- Maintain a common subject throughout a one-topic paragraph
- Shift the subject appropriately according to the story
- genomes from related primates...primate genomes...genome-wide exploration...genome sequences
- genomes from related primates...identification of features...scientists...the community
Sometimes it's necessary to write explanatory paragraphs that build from one thing to the next. In this case, the subjects can shift as the topics shift. This is a common construction in scientific writing:
You can understand the gist of the paragraph just by reading the succession of subjects. The point of this example is to illustrate that you don't need every paragraph to have exactly 1 topic and subject. Instead, just be aware of what your subjects are, and if they match the structure of the idea you intend to communicate.
Revision TechniqueHighlight the subject of each sentence. Does the structure of your subjects match the information you intend to convey? In other words, are the subjects of the sentences jumping from one thing to another, or do they shift only when you intend to shift the topic under discussion?
Note: One problem that frequently makes scientific writing confusing is a sentence without a character; such sentences can be caused by passive voice, which can leave a reader to guess the actor (that's a Bad Thing). More on this in the section on passive voice.
Principle 3: Keep subjects near verbsRecall the two primary pieces of information a reader looks for:
- who is the sentence about?
- what are they doing?
For example, can you understand this sentence on the first reading?
Revision TechniqueIdentify the main subject and its verb in your sentence. If they are far apart, rephrase the sentence to bring them closer together.
The ABC database has been improved, modified, and extended in both structure and content over the years.To clarify even further: doesn't improved imply modified? Possibly it even implies extended. To strip it to exactly what you mean, what about this?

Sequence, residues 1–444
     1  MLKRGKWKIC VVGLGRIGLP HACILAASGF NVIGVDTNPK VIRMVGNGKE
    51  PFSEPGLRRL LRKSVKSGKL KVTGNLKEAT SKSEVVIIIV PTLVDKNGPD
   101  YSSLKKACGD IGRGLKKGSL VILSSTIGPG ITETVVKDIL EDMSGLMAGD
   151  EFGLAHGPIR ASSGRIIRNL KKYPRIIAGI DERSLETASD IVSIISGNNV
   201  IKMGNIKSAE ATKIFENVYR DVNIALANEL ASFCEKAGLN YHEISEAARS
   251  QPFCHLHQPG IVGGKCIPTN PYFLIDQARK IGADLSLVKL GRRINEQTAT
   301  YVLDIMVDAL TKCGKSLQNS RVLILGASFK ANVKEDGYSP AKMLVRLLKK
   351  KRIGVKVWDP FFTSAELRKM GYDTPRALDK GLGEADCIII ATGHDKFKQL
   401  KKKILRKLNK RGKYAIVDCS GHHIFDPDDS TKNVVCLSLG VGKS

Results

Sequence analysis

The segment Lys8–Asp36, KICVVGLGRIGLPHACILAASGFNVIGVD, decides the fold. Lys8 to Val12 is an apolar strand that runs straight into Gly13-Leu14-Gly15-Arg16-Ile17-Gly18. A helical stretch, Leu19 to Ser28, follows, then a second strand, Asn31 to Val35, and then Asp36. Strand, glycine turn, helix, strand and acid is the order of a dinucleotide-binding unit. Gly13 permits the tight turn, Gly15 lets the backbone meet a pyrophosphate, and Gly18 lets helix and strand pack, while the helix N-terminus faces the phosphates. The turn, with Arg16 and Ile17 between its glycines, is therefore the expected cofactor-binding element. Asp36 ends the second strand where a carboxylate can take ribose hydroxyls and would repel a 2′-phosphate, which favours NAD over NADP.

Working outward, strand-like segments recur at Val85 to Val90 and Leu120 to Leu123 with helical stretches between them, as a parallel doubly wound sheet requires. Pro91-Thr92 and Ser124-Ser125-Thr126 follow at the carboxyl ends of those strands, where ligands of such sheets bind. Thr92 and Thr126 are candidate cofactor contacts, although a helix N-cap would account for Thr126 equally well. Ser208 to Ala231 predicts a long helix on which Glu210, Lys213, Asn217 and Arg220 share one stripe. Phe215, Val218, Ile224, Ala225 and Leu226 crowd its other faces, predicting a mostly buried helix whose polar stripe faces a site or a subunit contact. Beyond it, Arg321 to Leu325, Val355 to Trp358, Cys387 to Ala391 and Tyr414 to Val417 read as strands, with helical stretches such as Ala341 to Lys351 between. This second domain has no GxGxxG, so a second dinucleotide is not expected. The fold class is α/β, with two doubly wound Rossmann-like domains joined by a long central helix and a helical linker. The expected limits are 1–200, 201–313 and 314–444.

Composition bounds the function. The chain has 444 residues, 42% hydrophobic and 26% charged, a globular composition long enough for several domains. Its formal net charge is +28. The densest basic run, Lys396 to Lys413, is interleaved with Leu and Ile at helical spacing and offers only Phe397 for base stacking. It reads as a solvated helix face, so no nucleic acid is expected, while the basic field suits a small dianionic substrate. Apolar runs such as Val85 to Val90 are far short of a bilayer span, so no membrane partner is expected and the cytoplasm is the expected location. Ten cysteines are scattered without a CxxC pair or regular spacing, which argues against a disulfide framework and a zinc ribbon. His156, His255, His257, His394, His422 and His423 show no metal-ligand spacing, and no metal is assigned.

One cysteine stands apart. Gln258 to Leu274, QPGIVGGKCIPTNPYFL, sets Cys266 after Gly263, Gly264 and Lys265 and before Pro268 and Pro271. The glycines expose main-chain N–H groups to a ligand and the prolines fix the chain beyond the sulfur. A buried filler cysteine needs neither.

Continue to lesson 2...
25.1 Establishing Science Learning Objectives
For more information, please see the Sourcebook for Teaching Science
Science teachers should write learning objectives that communicate and describe intended learning outcomes. Objectives should be stated in terms of what the student will be able to do when the lesson is completed. Objectives should include verbs such as listed in table 25.1 to define specific, observable, and measurable student behavior.
A learning objective contains
(1) a statement of what students will be able to do when a lesson is completed,
(2) the conditions under which the students will be able to perform the task, and
(3) the criteria for evaluating student performance.
While goals describe global learning outcomes, learning objectives are statements of specific performances that contribute to the attainment of goals. Learning objectives should help guide curriculum development, instructional strategies, selection of instructional materials, and development of assessments.
Table 25.1 Verbs for use in writing learning objectives
Metfessel, N., Michael, W., and Kirsner, D. (1969). Instrumentation of Bloom’s and Krathwohl’s Taxonomies for the Writing of Educational Objectives. Psychology in the Schools, 4(3), 227-231.
B. S. Bloom (Ed.) (1956). Taxonomy of Educational Objectives: The Classification of Educational Goals; David McKay Company, Inc.